I am stuck in a Fellini film. At least, I thought so on Saturday.
I was leaving the post office empty handed when I saw him walking toward me. You know the type. Young. Good-looking. Dressed as if he had just completed a Liverpool model gig. The type of middle-class preppie look with world-wide currency.
When he saw me, he put on that look of "I-don't-know-you-but-we-belong-to-the-same-fraternity" cockiness that inevitably leads to a question. His completely took me off guard.
"Where is the Starbucks?"
This he asked in Spanish. Even with my fingertip grasp of the language, I knew what he was asking. The question is akin to those other language school gems. "Where is the red pencil box?" Or "The green fountain pen is stuck in the roasted chicken."
You would have to live in Melaque to understand my response. The town makes is living off of Mexican, not northern, tourists.
Without thinking, I said: "You've got to be kidding!"
I am certain it was in English because I do not have the foggiest idea how to translate a double colloquialism into Spanish.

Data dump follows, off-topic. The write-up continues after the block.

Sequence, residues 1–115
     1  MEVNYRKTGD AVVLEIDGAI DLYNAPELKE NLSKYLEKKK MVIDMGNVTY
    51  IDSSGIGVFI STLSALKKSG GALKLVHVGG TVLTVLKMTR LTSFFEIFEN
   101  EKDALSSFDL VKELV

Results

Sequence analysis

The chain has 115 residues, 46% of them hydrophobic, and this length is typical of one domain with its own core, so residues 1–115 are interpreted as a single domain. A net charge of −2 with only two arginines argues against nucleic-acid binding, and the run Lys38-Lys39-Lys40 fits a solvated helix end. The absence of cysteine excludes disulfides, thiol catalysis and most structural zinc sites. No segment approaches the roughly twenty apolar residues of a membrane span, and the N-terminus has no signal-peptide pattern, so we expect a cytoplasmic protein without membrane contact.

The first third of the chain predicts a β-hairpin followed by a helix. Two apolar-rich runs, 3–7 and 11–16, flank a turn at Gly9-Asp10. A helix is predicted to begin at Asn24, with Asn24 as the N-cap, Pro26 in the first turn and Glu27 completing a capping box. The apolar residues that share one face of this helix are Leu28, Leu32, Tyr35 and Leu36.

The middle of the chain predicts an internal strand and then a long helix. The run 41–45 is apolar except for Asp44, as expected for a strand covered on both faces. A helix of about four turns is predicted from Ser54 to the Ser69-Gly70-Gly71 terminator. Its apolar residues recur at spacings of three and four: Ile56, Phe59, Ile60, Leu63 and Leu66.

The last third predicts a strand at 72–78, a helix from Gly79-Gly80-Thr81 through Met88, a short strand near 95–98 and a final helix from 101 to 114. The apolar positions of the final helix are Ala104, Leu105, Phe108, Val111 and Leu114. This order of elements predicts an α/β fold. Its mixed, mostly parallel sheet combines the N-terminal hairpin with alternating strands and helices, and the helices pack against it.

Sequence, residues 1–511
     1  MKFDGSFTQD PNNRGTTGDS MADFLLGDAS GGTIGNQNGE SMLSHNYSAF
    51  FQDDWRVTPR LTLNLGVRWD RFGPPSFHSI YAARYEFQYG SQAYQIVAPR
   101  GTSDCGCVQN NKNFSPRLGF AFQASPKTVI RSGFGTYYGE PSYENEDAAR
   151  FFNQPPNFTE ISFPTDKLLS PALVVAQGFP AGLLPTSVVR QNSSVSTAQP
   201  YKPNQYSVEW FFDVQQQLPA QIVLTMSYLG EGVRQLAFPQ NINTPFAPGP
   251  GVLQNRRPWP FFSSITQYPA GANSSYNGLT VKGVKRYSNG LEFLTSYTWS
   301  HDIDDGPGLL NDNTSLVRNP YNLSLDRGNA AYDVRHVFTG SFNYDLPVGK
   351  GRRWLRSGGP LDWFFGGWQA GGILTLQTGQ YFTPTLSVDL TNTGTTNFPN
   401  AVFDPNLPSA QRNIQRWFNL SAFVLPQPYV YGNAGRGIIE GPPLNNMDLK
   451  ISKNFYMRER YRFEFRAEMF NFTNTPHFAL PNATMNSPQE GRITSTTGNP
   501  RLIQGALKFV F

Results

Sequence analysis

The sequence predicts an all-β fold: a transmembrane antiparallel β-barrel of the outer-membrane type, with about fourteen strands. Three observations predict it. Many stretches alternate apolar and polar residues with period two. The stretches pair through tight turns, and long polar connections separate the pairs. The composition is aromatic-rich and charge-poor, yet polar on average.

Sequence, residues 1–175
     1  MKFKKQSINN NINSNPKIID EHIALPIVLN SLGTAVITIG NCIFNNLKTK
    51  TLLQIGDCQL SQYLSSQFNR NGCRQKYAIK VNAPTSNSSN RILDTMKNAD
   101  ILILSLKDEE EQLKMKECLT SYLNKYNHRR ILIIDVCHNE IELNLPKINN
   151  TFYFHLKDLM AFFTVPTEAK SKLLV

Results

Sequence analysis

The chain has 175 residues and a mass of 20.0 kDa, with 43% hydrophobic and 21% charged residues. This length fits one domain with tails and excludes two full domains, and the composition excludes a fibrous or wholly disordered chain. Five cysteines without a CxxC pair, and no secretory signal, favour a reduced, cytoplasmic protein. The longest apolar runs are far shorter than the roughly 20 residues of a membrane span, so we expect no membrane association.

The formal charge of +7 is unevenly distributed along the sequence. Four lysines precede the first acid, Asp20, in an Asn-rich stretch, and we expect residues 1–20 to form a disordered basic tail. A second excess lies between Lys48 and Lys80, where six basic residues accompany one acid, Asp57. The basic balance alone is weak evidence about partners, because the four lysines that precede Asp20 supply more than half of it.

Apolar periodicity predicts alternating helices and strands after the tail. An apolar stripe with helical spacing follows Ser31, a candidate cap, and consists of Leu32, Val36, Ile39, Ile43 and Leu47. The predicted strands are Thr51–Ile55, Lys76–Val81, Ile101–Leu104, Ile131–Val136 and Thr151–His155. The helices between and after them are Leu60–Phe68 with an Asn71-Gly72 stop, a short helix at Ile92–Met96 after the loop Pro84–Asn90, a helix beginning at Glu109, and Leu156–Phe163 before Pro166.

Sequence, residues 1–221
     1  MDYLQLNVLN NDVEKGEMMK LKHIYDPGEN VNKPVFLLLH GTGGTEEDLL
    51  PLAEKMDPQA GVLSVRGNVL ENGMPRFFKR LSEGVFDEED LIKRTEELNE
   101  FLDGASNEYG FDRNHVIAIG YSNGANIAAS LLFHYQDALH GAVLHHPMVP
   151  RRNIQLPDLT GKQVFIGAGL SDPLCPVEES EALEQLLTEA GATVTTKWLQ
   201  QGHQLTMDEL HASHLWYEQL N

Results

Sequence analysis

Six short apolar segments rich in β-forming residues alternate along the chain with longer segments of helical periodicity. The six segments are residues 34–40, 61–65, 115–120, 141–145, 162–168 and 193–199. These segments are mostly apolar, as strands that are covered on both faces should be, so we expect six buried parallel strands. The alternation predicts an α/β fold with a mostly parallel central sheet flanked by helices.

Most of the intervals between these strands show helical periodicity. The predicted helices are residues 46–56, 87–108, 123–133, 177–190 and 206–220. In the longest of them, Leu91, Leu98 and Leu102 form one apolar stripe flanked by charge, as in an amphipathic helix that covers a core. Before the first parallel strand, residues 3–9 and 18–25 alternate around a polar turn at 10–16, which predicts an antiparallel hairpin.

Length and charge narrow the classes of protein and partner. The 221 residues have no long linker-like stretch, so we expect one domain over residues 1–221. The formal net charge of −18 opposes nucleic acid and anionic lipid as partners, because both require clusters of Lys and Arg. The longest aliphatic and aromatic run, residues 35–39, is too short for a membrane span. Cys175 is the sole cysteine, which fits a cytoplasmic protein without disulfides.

And then shocker number two. He said, as if it was the most startling thing in the world: "You speak English!?!"
Take a look at my photograph at the right. I look as if I could be the AARP cover boy for Boy's Life. What language would you guess I spoke? Well, maybe German. Or Norwegian.
It turns out he was from Mexico City after having lived in California for 10 years. He was visiting Melaque with his parents, who came here when they were young. His take on my little village? It is boring and dirty.
I told him the nearest Starbucks was in Guadalajara -- a bit of misinformation: the nearest one is an hour away in Manzanillo. And, not being a coffee drinker, I had no idea if there was a decent substitute here.
I would not be surprised to see a Starbucks in Melaque before too long. The village has long had a reputation of being a tourist stop for working class tourists -- who still arrive in caravans of buses from the highlands during the summer.
But the trade is changing. SUVs filled with middle class couples and their average 1.9 children have become quite common during the past two years. And where J. Crew and Izod travels, Starbucks cannot be far behind.